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Alumna and politician encourages others to pursue their passions

PUBLIC SERVICE: Pickering City Councillor and UTSC alumna Jennifer O'Connell, pictured at the Pickering Civic Complex, was the youngest elected member of council at age 23. (Photo by Ken Jones.)

by Mary Ann Gratton

Don’t be afraid to take risks and strive to achieve what you really want.

That’s the advice of Jennifer O’Connell (BA Hons. 2006), a member of Pickering City Council who encourages people to pursue their goals even if the odds are against them.

O’Connell knows what she’s talking about. As the youngest member of council and one of only two female Pickering councilors, she bested the incumbent and another candidate to win a council seat in July 2006. Some people said that at the age of 23, she was too young to run for public office. Her victory in a tight race defeats that argument, and gives her a chance to put her passion and education to work for constituents.

“People really can make a difference and achieve great things regardless of their age or gender,” she says. “It’s important to embrace challenges. Even if you think you may encounter patronizing attitudes or behaviour, don’t let that stop you from chasing your dreams. If I can inspire even just one person to take a risk and do something they thought they couldn’t do because they felt they didn’t fit the profile for success in that field, then I want to tell them my story.”

While a student at U of T Scarborough, O’Connell majored in political science. She had done volunteer work on the federal Liberal election campaign, and decided after graduating in June 2006 to throw her own hat into the ring in her native Pickering.

“When I looked at civic politics, I saw no younger people and few women. I felt that these groups needed to be represented, and that it was time for a new perspective on council. I was motivated to represent those interests, and I was ecstatic when I won.”

There’s no such thing as a typical day for the Ward 1 representative, and the range of activities and challenges is stimulating, she says. Meetings of council, committees, special events, correspondence, liaising with constituents and issues management are all part of her responsibility.

“My role is to give a voice to community residents, and to make sure that they are being heard on different issues that affect the community, council and the city as a whole,” says O’Connell. She describes her work style as collaborative and genuine. “I try to be a straight talker, and not to put a political ‘spin’ on things but to speak the truth.”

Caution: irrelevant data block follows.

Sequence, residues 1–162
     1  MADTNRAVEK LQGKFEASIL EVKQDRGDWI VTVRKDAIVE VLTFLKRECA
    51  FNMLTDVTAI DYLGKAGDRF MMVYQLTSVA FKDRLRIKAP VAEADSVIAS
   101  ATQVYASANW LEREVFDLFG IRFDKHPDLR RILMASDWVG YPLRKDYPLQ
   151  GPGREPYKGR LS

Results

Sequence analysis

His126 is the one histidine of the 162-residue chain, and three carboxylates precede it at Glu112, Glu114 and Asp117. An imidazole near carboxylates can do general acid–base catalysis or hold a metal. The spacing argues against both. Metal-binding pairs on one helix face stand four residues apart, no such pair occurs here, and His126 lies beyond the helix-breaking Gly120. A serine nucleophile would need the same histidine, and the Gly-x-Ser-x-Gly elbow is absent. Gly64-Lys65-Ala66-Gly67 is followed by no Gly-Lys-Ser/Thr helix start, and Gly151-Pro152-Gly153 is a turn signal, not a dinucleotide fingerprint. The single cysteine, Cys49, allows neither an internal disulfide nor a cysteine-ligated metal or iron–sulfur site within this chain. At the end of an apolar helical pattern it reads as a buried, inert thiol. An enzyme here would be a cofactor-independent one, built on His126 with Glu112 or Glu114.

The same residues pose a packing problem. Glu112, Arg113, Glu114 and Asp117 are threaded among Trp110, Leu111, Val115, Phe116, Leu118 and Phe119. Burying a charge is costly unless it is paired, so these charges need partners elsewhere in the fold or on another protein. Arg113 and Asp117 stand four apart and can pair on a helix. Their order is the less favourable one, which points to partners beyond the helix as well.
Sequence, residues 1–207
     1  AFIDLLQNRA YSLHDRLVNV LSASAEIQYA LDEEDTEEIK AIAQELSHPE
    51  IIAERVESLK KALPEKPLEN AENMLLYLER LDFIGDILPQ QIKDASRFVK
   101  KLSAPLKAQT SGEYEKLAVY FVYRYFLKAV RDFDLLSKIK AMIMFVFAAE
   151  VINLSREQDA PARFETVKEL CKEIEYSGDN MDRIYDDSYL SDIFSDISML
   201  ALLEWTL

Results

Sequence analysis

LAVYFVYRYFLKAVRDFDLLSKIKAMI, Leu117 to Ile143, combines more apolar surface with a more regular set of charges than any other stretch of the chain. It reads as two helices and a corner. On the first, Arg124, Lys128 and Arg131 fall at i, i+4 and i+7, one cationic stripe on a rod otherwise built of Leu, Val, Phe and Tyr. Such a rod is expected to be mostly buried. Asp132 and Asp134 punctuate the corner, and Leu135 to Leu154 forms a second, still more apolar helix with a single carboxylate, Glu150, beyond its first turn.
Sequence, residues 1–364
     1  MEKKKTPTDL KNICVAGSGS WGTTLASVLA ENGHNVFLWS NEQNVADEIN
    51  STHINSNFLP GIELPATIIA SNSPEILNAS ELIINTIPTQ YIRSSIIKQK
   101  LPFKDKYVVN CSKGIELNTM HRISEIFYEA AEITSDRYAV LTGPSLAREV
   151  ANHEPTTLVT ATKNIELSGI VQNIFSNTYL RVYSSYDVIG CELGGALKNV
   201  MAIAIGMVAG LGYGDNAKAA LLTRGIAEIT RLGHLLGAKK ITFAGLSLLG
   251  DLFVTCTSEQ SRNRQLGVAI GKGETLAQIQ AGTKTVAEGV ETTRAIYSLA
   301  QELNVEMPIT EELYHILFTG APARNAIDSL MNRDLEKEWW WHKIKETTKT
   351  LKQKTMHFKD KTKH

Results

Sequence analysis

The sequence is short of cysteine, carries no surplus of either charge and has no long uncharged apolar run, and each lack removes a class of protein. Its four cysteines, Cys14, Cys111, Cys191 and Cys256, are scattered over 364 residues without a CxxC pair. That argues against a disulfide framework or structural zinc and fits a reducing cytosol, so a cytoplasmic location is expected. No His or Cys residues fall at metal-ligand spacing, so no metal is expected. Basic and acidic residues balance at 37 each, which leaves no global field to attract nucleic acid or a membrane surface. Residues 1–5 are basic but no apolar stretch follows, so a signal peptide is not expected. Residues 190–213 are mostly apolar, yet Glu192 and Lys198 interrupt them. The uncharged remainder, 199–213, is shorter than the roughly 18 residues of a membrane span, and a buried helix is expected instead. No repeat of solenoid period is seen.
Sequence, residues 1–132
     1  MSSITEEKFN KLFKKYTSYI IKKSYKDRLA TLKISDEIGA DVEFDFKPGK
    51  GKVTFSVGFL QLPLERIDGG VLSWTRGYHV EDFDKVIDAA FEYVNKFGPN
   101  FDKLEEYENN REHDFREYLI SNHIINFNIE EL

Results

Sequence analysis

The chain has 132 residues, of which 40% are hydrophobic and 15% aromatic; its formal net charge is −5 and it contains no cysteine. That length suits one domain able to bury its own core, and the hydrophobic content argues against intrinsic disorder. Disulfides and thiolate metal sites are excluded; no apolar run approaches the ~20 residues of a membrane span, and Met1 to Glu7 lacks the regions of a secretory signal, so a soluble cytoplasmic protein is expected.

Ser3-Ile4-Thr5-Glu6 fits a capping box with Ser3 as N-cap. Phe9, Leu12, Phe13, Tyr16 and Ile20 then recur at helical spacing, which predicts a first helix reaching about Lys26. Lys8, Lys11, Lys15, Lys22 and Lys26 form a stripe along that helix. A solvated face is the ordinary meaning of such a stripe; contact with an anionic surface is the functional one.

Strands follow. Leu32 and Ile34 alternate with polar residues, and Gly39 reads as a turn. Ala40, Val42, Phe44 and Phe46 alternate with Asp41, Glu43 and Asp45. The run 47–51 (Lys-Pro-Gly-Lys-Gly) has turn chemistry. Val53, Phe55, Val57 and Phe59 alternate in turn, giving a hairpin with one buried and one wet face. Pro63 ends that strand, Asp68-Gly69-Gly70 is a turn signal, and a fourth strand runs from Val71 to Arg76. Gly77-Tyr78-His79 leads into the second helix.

A member of a new generation of politicos, O’Connell is the only Pickering councillor who writes a blog. “The blog is a useful tool to get people talking -- whether they agree or disagree -- and a way to get more information out there that may be getting missed in the local media. The blog is a more casual and less polished form of communication than other methods, but it has been well received, and I often hear from constituents who read my blog.”

More young people, more women, and more people from diverse cultural backgrounds are needed in politics in order for public policy to reflect today’s diverse range of viewpoints, she says. “There’s a perception that politics is corrupt, but that perception needs to change. I fear that more intelligent young people won’t consider going into politics because of that, and although there may be a few bad apples, there are many good people in politics who work hard and are here for the right reasons. I want to help in mentoring others so that future generations of politicians who want to get involved can feel more welcome to do so.”

She has engaged in public speaking and served on educational panels that inspire others. One of those was the Phenomenal Women Panel held in 2008, during which she and other women spoke about youth issues before a high school group of 400. “I tell them that I was elected to public office at the age of 23, and that all things are possible. If I can do it, so can they.”

She treasures her years at U of T Scarborough. “I really loved studying political science, but it was challenging because of a heavy workload and a lot of reading and writing,” she says. “Those skills really helped me, and I wouldn’t be where I am today without my education. It gave me the tools to stay focused on my goals, and I have developed strong views about what government should achieve at all levels.”

As a councillor, O’Connell serves on eight civic committees and chairs the Pickering Waterfront Committee, working with a group called The Waterfront Regeneration Trust, which she describes as “the gatekeeper of Ontario’s waterfront.” Through this work, she has become interested in biking, since the committee helped to plan the Pickering portion of a bicycle marathon from Niagara to Quebec along the waterfront trail. “I’ve discovered a new passion for cycling, and although I can’t devote as much time to it as I’d like, helping organize that event motivated me to get out there on my bike.”

Kim Tull, manager, alumni relations at U of T Scarborough, praises O’Connell’s efforts to engage young people in the political process. "Jennifer O'Connell is a tremendously energetic young alumna as well as a civic leader who works hard to represent her community. Not only does she give her all to serving her constituents and being the best representative she can be, but she also demonstrates that those in public office can be a role model and inspiration for others."

© University of Toronto Scarborough